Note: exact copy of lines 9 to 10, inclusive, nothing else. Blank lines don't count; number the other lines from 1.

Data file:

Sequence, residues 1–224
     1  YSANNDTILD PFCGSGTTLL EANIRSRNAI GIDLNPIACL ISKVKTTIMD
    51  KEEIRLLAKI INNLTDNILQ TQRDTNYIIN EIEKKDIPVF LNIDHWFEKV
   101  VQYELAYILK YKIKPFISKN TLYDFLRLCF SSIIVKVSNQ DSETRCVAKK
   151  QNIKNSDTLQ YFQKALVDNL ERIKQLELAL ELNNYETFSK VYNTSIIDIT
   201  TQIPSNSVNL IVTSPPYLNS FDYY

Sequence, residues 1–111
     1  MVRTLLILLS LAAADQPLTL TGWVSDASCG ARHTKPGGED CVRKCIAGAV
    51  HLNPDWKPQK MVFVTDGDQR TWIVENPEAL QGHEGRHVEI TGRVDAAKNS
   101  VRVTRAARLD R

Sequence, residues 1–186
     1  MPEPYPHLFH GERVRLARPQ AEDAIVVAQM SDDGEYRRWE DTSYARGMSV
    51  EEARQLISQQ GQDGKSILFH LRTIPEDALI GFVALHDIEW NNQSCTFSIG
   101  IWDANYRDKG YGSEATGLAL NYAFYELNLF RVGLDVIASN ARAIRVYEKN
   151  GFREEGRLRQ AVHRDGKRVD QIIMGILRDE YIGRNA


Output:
    51  HLNPDWKPQK MVFVTDGDQR TWIVENPEAL QGHEGRHVEI TGRVDAAKNS
   101  VRVTRAARLD R